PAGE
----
One of the first things you notice when you come to El Salvador is how important the history of this country is to its people. Even those who were not alive during the war, like the national volunteers we are working with, hold their history close to heart. During our first week in Arcatao they portrayed the civil war with a short drama. They were very enthusiastic and keen to share this history with us, and to help us understand the tragedies their people have suffered through drama. This was especially moving as despite the language barrier it allowed us to understand and sympathise with them. 

A short drama piece

During a team meeting the importance of history was highlighted yet again amongst the nationals. Whilst discussing 'what we would like to gain from our experiences' the usual 'make new friends', 'learn about a new culture', 'get fitter' came up. But one comment that stuck with me was when one national expressed the desire to teach us more about their country, their people and the civil war. This comment I imagine highlights the interests of the majority of Salvadorians, who are still haunted by the events that took place during the war. A common concern that is apparent, especially amongst older generations is the idea that if history is forgotten or overlooked it may repeat itself. Therefore, the people talk about the war frequently and passionately, not necessarily in a reverential way but to recognise and remember their friends and family who were killed. So as a favour to the people who have welcomed us with open arms into their country, their community and their homes we thought we would share with you the recent history of Arcatao.

Looking at the names of the dead

The civil war began in 1980 and continued till 1992. The fighting was between right wing oppressive military government and the ´FMLN´, A.K.A. the guerrillas on the left.  During these 12 years around 75,000 people lost their lives, many of whom were innocent civilians. This was due to the scorched earth campaign employed by the government forces in an attempt to cut off the rebels in the mountains and reduce the number of people who could fight for them. This lead to many towns and villages being abandoned in the civil war, including Arcatao.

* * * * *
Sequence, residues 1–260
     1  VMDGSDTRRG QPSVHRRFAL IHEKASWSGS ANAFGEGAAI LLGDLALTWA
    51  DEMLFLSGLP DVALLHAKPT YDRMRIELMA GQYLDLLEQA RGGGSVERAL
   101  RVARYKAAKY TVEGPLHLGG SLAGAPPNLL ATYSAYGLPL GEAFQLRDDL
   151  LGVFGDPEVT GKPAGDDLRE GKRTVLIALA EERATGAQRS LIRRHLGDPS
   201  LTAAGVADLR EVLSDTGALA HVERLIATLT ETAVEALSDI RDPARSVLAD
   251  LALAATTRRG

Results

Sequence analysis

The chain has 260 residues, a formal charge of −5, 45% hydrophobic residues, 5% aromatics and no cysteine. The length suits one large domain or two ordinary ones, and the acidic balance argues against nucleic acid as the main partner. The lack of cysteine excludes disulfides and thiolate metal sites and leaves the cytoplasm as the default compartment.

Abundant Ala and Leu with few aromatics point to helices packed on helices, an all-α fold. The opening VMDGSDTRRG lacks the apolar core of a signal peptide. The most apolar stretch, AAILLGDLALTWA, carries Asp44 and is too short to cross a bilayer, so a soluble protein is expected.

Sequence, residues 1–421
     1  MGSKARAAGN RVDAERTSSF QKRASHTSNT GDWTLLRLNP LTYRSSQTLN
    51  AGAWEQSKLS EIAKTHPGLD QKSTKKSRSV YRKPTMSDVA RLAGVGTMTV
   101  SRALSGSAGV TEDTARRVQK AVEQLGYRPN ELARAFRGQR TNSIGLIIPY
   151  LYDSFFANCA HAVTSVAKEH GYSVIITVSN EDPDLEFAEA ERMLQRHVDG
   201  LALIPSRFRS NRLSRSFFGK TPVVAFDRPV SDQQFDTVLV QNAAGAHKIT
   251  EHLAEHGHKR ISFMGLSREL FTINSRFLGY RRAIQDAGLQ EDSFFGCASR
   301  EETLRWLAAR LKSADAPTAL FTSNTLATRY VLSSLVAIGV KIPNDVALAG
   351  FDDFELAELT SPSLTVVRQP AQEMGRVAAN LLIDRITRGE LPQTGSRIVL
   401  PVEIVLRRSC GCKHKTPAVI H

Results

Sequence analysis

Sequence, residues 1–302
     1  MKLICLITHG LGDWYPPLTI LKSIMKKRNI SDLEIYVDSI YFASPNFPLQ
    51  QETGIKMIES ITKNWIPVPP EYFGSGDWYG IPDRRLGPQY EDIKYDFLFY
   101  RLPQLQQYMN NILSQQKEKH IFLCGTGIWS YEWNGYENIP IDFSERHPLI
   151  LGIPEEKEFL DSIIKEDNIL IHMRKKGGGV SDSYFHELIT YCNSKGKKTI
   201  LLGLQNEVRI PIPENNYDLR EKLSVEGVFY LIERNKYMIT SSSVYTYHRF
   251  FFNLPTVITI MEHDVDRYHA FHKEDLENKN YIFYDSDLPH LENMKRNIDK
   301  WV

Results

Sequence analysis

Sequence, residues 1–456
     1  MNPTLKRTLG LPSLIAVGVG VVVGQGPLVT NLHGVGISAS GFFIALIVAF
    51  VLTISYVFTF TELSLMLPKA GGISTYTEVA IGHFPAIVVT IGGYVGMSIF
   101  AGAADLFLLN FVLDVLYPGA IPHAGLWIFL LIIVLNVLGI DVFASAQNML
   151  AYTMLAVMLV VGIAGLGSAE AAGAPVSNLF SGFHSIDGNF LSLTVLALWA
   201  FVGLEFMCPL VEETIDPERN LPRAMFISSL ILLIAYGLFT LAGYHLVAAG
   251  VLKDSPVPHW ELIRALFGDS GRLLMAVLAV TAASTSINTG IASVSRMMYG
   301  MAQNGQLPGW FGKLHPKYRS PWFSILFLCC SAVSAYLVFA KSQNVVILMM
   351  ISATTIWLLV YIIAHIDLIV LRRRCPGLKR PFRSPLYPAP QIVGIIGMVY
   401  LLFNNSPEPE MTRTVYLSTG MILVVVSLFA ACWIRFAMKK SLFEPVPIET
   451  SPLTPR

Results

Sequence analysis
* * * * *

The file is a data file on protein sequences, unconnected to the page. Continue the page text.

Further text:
On 14 May 1980 one of the most significant massacres of the war took place in Arcatao - the Sumpul River massacre. Salvadorian civilians had fled their homes and travelled to Arcatao to escape the conflict as Chalatenango was a rebel stronghold. With the military still advancing, the civilians had no choice but to try and cross the Sumpul River into Honduras and become refugees. This was exceptionally dangerous because of the strong currents and the wildlife in the river. The right-wing government had also contacted the Honduran authorities and their military was waiting on the other river bank. What transpired was that soldiers funnelled fleeing civilians into the valley where the Honduras army was waiting. Caught between two militaries, the fierce currents and crocodiles, over 600 people were killed. It was one of the largest losses of life in the civil war. It is commemorated by the Martires de Sumpul Centro. This is where we eat every day, and it is covered in murals dedicated to that event, to remind people of their history. 

A mural at the Martires de Sumpul Centro

This mural clearly depicts the feelings expressed by the civilians following the civil war. The river is blood red to show the extent of the massacre, as well as the tombstones along the bottom, which stand to be graves for all those who perished and whose bodies were never discovered. The soldiers kneeling on either side are a true representation of the reality, as well as the gruesome practice of murdering children with bayonets. Even with horrifying facts such as these, they have been sure to record them in the hope that things that are remembered cannot be repeated. The targeting of a young boy on the bottom left show how the soldiers became desensitised to the violence and began to view civilians as targets rather than people. 

Romero mural

In 1992 there were only around 800 people living in Arcatao. La Colonia was rebuilt by a Spanish NGO due to the destruction of houses during the war, none of which were compensated. This allowed the community to rebuild itself and flourish like it is currently - by 2007 the population was thriving, there were around 3000 people.


In our orientation week we watched a film called 'An Open Sky'. In this, at the close of the film, both soldiers and guerrillas were able to sit in the same room and discuss the civil war and its effects on their lives. Without a doubt, terrible atrocities were committed by the military, but with the peace accords and amnesty agreement signed so close together, all individuals are still protected from persecution for crimes committed in that time. 


After nearly a quarter of a century, the question facing El Salvadorians today is whether to persecute those protected by the amnesty law, to return to their past to get justice for all the people murdered during those twelve years, or whether to continue rebuilding their country by looking towards the future.  

Written by ICS volunteers Katherine Maloney, Katherine Maynard and Benjamin White